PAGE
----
Twin battery plants will also be built in Kentucky.
Ford is making big moves in the battery-electric vehicle space, and we're not just referring to new models like the Mustang Mach-E and F-150 Lightning. The company is looking at not only building great EVs but also said it would better manage the recycling of EV batteries with Redwood Materials. Building upon that announcement, Ford has announced that it will lead America's transition to EVs with a massive production complex in Tennessee called Blue Oval City, along with twin battery plants in Kentucky. Together with SK Innovation, Ford's investment works out to $11.4 billion and will create almost 11,000 new jobs.
Blue Oval City is said to be the company's largest and most advanced production facility in its 118-year history, and that's no small statement. The 3,600-acre campus will cover close to six square miles and will reimagine the way that EVs are manufactured and recycled. Designed from the start to be a sustainable facility, Blue Oval City will in time make use of renewable energy sources like wind and solar power, and it is Ford's goal for the plant to be carbon neutral. With 6,000 jobs created at this site alone, this is where next-generation of F-Series electric trucks will be built, with production set to get underway in 2025.
"This is a watershed moment for Tennesseans as we lead the future of the automotive industry and advanced manufacturing," said Tennessee Gov. Bill Lee.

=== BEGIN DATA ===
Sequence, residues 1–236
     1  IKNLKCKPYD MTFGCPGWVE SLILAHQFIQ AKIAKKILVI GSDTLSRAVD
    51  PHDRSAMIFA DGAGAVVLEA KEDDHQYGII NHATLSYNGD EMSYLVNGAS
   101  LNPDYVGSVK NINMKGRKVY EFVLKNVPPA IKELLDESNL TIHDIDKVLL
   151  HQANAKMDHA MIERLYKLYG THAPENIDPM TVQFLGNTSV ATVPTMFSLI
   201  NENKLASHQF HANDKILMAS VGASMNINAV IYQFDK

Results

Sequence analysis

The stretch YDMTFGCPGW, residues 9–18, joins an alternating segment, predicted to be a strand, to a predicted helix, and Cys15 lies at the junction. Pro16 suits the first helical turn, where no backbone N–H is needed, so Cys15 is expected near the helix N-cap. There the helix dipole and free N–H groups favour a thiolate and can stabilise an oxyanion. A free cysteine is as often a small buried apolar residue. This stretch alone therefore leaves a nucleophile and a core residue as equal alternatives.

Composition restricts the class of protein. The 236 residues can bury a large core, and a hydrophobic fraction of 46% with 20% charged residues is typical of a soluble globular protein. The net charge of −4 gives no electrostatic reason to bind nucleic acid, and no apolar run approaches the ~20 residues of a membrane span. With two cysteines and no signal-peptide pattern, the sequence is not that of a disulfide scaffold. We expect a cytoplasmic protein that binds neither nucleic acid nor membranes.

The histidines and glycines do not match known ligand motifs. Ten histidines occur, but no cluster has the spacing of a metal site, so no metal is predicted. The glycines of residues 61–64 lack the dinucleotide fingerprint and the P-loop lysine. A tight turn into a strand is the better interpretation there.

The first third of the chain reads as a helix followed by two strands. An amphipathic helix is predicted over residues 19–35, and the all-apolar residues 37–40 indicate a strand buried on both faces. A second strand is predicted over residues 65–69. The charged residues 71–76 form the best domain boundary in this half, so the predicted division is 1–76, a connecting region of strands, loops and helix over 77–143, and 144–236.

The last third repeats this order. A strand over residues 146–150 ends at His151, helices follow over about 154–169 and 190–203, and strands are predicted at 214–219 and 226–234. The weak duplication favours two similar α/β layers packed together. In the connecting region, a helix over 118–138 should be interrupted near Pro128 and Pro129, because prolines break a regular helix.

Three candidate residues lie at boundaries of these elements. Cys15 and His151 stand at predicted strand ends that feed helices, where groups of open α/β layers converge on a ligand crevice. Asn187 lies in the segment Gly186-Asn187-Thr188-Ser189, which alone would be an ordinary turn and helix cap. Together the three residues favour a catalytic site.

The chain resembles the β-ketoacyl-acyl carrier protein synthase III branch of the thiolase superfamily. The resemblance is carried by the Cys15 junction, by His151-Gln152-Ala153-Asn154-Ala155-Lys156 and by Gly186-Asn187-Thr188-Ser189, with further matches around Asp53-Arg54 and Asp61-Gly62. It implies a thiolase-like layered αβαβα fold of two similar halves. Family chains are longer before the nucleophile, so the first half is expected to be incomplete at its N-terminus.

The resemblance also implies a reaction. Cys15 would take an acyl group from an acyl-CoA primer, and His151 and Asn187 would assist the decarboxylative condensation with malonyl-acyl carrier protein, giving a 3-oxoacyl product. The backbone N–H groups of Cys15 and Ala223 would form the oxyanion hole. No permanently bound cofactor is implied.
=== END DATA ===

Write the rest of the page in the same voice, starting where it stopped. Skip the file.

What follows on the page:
Set to open in 2025 is the BlueOvalSK battery manufacturing campus in Glendale, Kentucky. This 1,500-acre facility will produce the batteries to power next-generation EVs from Ford and Lincoln. 5,000 jobs are expected to be added in Kentucky from the twin co-located plants.
"This is the single largest investment in the history of our state and this project solidifies our leadership role in the future of the automotive manufacturing industry," said Kentucky Govenor Andy Beshear.
Not to be outdone, Texas is also joining Ford's electric revolution party. The company will invest $90 million in Texas that will go towards job training and career readiness plans for skilled technicians that will work on next-generation EVs. This forms part of a $525-million investment in the US over the next five years for technicians within the industry.
"This is a transformative moment where Ford will lead America's transition to electric vehicles and usher in a new era of clean, carbon-neutral manufacturing," said Ford Executive Chair Bill Ford.
With these new facilities, Ford will be much better positioned to cater to states that want to introduce earlier deadlines for the banning of gas vehicles.